The fall of Rome

What better way to kick off the ninth volume of Ancient Warfare than with an issue on the fall of the western half of the Roman Empire?

The issue focuses on the fourth and fifth centuries AD. The scene is set by Jean Du Plessis in his introduction, with a beautiful map by the talented Maxime Plasse that shows the movement of barbarians through Europe, the Near East, and North Africa. Gabriele Esposito has contributed this issue’s Source article with a reconstruction of the career of the (Vandal) general Stilicho.

Konstantin Nossov’s article deals with the walls of Rome and the Aurelian Wall in particular. At the height of its power, Rome itself no longer needed any fortifications and the walls it had went into disrepair. As the threat to Rome increased, the walls were restored and were to prove of great importance as the Empire slowly disintegrated.

Robert Vermaat contributed an article (and beautiful photo) for this issue’s ‘The reenactor’. Robert has a great deal of knowledge regarding the equipment used by soldiers of the Late Roman army, and the article (which sadly had to be edited down quite a bit) contains lots of details as regards the origins of the different pieces worn and carried by the man in question.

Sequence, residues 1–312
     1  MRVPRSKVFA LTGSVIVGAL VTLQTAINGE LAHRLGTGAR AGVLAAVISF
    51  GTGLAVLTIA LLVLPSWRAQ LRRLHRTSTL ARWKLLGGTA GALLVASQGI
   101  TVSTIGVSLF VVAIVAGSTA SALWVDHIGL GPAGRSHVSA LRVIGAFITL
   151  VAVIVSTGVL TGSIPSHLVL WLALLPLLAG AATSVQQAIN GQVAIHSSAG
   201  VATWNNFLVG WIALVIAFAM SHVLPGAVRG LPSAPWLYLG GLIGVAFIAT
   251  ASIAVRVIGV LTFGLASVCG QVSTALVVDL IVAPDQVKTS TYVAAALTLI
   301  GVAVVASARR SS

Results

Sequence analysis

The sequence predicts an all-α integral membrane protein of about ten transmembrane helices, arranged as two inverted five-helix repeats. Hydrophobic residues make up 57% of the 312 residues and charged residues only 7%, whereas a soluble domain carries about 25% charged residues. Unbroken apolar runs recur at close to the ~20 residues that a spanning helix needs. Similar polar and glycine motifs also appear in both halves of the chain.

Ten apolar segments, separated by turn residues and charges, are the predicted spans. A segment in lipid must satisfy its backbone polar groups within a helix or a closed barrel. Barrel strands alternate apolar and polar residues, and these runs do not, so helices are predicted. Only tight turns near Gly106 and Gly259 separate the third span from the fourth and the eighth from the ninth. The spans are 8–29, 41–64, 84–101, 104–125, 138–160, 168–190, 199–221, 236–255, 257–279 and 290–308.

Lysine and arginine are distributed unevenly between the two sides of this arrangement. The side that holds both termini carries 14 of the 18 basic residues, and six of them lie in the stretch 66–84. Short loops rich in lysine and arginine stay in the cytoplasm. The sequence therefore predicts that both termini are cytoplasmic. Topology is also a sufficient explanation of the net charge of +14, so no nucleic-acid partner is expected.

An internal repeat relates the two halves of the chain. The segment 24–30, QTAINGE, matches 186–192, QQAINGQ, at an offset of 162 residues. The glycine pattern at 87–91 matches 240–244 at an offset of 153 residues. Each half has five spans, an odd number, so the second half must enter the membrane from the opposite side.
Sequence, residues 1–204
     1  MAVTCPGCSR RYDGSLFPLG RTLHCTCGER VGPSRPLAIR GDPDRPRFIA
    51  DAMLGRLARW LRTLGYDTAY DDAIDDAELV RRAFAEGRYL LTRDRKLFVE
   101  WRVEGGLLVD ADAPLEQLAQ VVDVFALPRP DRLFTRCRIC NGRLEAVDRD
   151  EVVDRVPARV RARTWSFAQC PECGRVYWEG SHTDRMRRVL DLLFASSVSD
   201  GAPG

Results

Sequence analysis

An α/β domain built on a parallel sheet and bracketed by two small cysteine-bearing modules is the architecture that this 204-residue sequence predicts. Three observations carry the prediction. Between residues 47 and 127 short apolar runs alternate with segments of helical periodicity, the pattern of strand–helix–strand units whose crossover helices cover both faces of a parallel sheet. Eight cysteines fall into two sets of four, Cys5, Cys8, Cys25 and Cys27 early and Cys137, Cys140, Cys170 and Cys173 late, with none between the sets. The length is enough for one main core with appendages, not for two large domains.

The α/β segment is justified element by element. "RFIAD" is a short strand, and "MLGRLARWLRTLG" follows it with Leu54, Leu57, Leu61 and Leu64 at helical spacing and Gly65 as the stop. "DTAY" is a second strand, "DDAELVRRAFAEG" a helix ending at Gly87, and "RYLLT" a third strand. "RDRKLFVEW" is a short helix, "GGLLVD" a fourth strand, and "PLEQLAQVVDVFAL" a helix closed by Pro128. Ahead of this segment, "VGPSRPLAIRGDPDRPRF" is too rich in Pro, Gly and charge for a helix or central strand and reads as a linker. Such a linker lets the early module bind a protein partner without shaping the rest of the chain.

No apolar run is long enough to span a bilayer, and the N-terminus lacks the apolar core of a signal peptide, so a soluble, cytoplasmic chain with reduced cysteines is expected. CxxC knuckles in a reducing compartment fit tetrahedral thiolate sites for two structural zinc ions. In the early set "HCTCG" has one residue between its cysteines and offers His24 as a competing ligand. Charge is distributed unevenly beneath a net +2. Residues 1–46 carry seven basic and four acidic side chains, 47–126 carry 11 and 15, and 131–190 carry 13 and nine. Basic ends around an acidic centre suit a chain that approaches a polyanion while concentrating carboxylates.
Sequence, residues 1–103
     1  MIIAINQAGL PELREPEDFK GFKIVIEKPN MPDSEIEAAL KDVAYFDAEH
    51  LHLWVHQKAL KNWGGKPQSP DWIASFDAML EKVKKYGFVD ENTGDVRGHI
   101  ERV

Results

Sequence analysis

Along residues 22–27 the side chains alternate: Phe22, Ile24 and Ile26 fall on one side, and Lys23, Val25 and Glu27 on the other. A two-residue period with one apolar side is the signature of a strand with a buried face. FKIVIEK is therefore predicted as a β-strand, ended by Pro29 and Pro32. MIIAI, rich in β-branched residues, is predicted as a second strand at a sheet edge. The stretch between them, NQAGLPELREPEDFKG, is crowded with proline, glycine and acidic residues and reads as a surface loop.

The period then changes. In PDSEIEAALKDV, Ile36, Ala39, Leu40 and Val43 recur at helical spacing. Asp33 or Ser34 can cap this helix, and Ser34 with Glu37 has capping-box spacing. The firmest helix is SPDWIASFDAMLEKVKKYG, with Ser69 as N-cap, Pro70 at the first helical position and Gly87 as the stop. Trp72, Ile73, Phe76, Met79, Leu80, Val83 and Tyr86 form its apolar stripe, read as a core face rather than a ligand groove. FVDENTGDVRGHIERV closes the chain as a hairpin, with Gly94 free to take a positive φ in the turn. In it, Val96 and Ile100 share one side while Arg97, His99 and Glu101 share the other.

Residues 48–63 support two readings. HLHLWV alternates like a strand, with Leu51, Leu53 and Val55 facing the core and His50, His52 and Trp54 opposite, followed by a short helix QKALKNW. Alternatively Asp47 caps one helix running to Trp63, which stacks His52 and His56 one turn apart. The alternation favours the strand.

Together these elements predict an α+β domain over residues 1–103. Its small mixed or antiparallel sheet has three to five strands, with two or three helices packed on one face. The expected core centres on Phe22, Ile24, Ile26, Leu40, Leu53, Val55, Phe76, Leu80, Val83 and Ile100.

Corrado Re’s article, ‘Scourge of God’, is on the Battle of the Catalaunian Plains (AD 451), during which the Romans clashed with the fearsome army of Attila the Hun. It has a great full-page illustration by Milek Jakubiec that gives an idea of what the battle might have looked like. A short article by Mark McCaffery, ‘Barbarica Conspiratio’, deals with the disintegration of Roman control over Britain. It is followed by Marc DeSantis’s featured article on the Vandals in North Africa, with a gorgeous centrefold created by the ever-talented Radu Oltean. Sidney Dean rounds out the thema-related articles with a piece on the War of Ravenna.

This issue’s Special article has been written by Robert Holmes and deals with the use of the Gorgoneion (the head of the Gorgon) on the armour of ancient Greeks and Romans alike. Duncan Campbell has returned with a Debate article that tries to answer the question of what really happened during the Battle of Aegospotami (405 BC), the last major battle of the bloody Peloponnesian War.

From this issue onwards, Ancient Warfare magazine will also include a new segment called ‘Hollywood Romans’. In this segment, David L. Reinke and Graham Sumner take turns in tackling Tinseltown’s treatment of the Classics. David has devoted the first instalment of this new series to discussing the difference in box office success between movies about charioteers and those about gladiators: the results may surprise you!

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